[00:19:25.750] Ruth Pearse: I think it comes down to the impulsivity. And obviously, not everyone, but it’s a high proportion of people with ADHD that will be a challenge for them. And of course, the consequence is very challenging short term for them as well. And with relationships, hard to maintain those relationships.

[00:19:46.540] Dr. Blandine French: We mentioned a little bit about criminal behaviour. Could you tell us a little bit more about ADHD and criminal behaviour and prison within the young adult population as well?

[00:19:58.150] Ruth Pearse: Prison rates for around 30% of young prisoners are thought to have ADHD. I don’t think that you can discount trauma, either. So that’s really important young adults been through challenging experiences as children, but it’s still incredibly high. And that will be undiagnosed and diagnosed. Sort of that illegal behaviour that moves on from maybe speeding in a car to actually maybe taking somebody’s life. It’s not a very far step for some young people with ADHD, which is, again, why they need that support to help them with the impulsivity.

[00:20:37.555] Dr. Blandine French: Thank you, Ruth. Let’s move on to the impact that family relationships and the impact that this type of behaviour can have. Alex explains more in this clip.

[00:20:46.310] Alex: I think relationships and stuff a lot of people would be suddenly surprised, but it often be to late before I’ve done whatever I’m going to do. And then it normally, there’s an after effect like, yeah, you were right, that someone would warn me, especially my parents, they’d be like I don’t think that’s such a good idea, Alex. And I’d be– I didn’t like listening. I think I was like, I know what’s going to be best and I’ll show you.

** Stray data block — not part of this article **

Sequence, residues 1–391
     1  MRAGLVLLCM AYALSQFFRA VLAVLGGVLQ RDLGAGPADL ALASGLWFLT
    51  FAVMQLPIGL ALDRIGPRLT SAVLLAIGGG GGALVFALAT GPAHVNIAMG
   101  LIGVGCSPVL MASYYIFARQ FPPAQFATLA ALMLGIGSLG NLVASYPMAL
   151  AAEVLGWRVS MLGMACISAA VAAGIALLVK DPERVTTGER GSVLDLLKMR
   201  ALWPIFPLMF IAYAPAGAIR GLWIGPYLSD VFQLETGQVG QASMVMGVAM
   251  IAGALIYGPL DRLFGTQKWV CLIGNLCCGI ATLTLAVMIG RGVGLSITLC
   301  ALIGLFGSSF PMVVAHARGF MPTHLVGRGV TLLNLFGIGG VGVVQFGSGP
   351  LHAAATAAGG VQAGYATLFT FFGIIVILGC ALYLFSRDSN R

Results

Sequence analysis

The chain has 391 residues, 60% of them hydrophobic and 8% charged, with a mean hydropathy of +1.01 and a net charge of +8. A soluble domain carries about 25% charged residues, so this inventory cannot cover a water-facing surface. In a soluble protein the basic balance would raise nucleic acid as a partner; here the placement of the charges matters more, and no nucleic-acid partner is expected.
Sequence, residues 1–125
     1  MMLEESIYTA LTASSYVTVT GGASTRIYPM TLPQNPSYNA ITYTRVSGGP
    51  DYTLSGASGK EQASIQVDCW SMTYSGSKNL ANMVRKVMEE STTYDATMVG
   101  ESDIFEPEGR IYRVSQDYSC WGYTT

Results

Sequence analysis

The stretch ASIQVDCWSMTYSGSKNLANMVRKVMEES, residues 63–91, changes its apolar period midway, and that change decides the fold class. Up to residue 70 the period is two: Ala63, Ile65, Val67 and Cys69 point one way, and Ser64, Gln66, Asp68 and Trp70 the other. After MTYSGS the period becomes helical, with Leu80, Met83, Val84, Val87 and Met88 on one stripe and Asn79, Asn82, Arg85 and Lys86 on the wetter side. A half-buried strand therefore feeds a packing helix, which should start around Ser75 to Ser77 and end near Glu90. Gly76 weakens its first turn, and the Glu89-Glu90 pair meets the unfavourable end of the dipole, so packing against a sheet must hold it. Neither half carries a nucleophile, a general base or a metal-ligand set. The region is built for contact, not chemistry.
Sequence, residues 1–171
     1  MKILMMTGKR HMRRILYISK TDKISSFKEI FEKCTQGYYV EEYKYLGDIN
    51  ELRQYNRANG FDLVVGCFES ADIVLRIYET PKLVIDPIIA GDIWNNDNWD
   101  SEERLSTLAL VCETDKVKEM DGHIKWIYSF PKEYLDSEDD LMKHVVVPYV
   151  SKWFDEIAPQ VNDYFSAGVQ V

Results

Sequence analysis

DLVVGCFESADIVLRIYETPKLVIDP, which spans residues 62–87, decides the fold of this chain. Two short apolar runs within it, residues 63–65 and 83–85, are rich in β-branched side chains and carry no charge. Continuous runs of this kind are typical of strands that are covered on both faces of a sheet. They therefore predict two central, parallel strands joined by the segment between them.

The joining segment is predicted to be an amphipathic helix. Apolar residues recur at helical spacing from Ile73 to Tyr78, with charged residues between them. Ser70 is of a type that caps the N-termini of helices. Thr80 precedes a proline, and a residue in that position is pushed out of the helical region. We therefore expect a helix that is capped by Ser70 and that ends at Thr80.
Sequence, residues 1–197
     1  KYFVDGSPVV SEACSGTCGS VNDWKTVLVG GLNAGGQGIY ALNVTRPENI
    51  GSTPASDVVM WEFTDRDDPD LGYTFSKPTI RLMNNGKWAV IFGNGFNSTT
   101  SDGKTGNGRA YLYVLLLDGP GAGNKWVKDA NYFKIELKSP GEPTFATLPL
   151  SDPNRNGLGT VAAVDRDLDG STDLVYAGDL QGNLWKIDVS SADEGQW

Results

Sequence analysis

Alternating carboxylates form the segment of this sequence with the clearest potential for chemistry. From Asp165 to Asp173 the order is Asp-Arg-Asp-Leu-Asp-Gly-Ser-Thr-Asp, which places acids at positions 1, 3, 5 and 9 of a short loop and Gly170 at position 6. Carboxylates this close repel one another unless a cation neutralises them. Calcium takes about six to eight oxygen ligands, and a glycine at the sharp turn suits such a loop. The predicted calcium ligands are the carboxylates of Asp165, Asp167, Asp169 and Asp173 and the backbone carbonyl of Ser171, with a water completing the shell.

And then you do it, and then you realize that maybe they were right, and you shouldn’t have done what was being said. And that was constantly land on that, where you’re then being told off all the time for not listening to anyone. But it was definitely relationships and family relationships.

Maybe getting other people in that– maybe aren’t so pushy on the ADHD scale of just like, yes, let’s do it. Let’s go. Maybe I push them into maybe some situations, where they didn’t want to, maybe, be in and maybe they just said yes to– that’s what I should say yes. I should give it the experience. Maybe they’re not quite ready for it, or they’re just like, I’ve impulsively gone. Let’s go. And then someone else is kind of dragged into that situation straight away, and maybe they don’t want to be there. But it’s already too late because I’m going at 100 miles an hour.